23 WAYS TO BE HAPPIER
I think it’s safe to say that most of us would like to find ways to be happier. Happiness is like a battery-powered laptop. We need recharging if we’re to remain in a positive mental state. Let’s take a look at brain science and emotions and find out how to be happier!
EMOTIONS ARE COMPLEX
6 BASIC EMOTIONS
Psychologists say that we have 6 basic emotions. Happiness, sadness, surprise, fear, disgust, and anger. All of our other emotions are built from these six universal emotions.
As an aside, for the writers and the intrigued observers among us, I’ve adapted a chart from Cornell University with motion cues.
I’m confident that if you’re reading this, you have an interest in emotions and therefore are adept at reading emotional cues—or you’re related to me and making me happy by reading!
WHAT ARE EMOTIONS?
The diverse group of structures Papez outlined in his paper is now known as the limbic system. Flash forward almost 100 years. Many scientists argue that saying something as complex as emotion is handled by one group of brain structures is an oversimplification. The limbic system is thought to be involved in much more than emotion.
THE LIMBIC SYSTEM
The limbic system seems to raise the ire of scientists. They ought to read my post!
A QUICK RUNDOWN OF THE LIMBIC SYSTEM SO WE CAN GET TO HOW TO BE HAPPIER, ARMED WITH SCIENCE KNOWLEDGE
NEUROTRANSMITTERS IN A NUTSHELL
These parts of the brain communicate via neurotransmitters. A neurotransmitter is chemical substance released by a neuron. (a nervous system cell specialized for electrical and chemical transmission of signals.) So, to repeat, neurotransmitters are used to communicate with other neurons.
We use our awareness of neurochemical transmission to design drugs, investigate the causes of disease, and improve our comprehension of behavior! (Such as the topic of this post!)
Trying to correlate any neurotransmitter to one function is an oversimplification! But I’ll give it a go!
ENDORPHINS (BETA ENDORPHINS)
HOW TO BE HAPPIER
FIGHTING NEGATIVITY BIAS
Leading behavioral research shows that as much as 70% of our thoughts are negative. After all, 2/3 of the basic emotions are negative. Human brains have a negativity bias, which is rooted in our ancestral need for survival.
Okay, so brain science tells us negative emotions are ingrained in our chemistry. We need to fight our built-in negativity bias to be happier.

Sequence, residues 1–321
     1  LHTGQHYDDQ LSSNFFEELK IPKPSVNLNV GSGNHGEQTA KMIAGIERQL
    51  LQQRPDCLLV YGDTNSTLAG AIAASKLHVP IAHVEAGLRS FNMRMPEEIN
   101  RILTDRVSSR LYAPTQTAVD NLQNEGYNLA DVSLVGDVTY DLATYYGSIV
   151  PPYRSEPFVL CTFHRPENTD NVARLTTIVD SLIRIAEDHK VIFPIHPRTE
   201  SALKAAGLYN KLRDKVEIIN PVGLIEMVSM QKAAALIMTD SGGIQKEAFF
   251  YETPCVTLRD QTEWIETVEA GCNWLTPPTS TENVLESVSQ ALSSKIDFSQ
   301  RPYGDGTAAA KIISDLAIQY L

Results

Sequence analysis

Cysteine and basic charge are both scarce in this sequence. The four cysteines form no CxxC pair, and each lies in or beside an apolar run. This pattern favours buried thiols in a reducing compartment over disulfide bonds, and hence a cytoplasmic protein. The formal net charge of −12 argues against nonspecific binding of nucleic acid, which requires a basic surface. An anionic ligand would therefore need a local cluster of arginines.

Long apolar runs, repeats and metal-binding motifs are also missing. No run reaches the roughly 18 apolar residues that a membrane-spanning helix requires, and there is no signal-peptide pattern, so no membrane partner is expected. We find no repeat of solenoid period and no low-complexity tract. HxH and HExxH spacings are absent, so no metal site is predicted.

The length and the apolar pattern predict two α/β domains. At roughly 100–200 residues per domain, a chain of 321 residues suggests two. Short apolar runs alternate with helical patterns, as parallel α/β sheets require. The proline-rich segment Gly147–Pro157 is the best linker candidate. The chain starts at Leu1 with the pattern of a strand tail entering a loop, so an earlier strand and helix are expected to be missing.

POSITIVE SELF TALK
Here’s another fact. Our brains are neuroplastic! This means if we repeat positive ideas and thoughts to ourselves often enough, we’ll begin to believe them. Let’s concentrate on the other 33% of our thoughts–the positive ones, instead. Methodically developing positive self-talk feeds your brain the positivity that it needs to drown out the negative.
All right! Now that we know the science behind emotions, let’s look at 23 ways to be happy.
23 WAYS TO BE HAPPY (HURRAH! A LIST!)
1.REFRAME THE NEGATIVE THOUGHT
Accept the negative feeling, thought or sensation, label it and verbally express it. Such as, ‘I can’t handle this!’
Reframe it: ‘I have gone through tough times before and found a way through them. I can handle this as well.’
We don’t want all that excess cortisol release!
2. HAVE AN OPEN MIND
Be open to new places, people, and experiences. When you’re flexible and open to change, your happiness can increase.
Avoid real rockslides if at all possible.
3. CHAT WITH ACQUAINTANCES
Even social interactions with the more peripheral members of our social networks contribute to our well-being.
If you’re at the park, talking about how your dog got into the garbage or your kid ate 14 marshmallows while you took a nap will make you happier.
For the record, Louie is a thief! He goes into the boys’ rooms, takes an article of clothing & taunts them into a game of tag.
4. CHAT WITH STRANGERS
It may sound strange to you, but you’ll feel part of a greater community if you make connections. Even chatting at the grocery store about how green the broccoli is increases happiness. (If you want to know why you like or don’t like broccoli, I have an interesting post here.)
5. MAKE EYE CONTACT
If striking up a conversation seems daunting, simple eye contact offers benefits, too. A Purdue University psychologist studied how people felt when a subject walked past and either made eye contact, made eye contact while smiling, or completely ignored them. Even brief eye contact increased people’s sense of inclusion and belonging.
6. PUT DOWN THAT SMARTPHONE IN PUBLIC
Sure, we’re connected to others through our smartphones, (My hand is raising) but this constant connection has a strange effect. It diminishes our connection with the people in our immediate social world. Using your smartphone sends a signal that you’re not interested in interacting with the people around you.
7. SAY HELLO
Now that the covid restrictions are lifting, we may actually share elevators with strangers again. The next time you walk into an elevator, (or are waiting in line anywhere) make eye contact.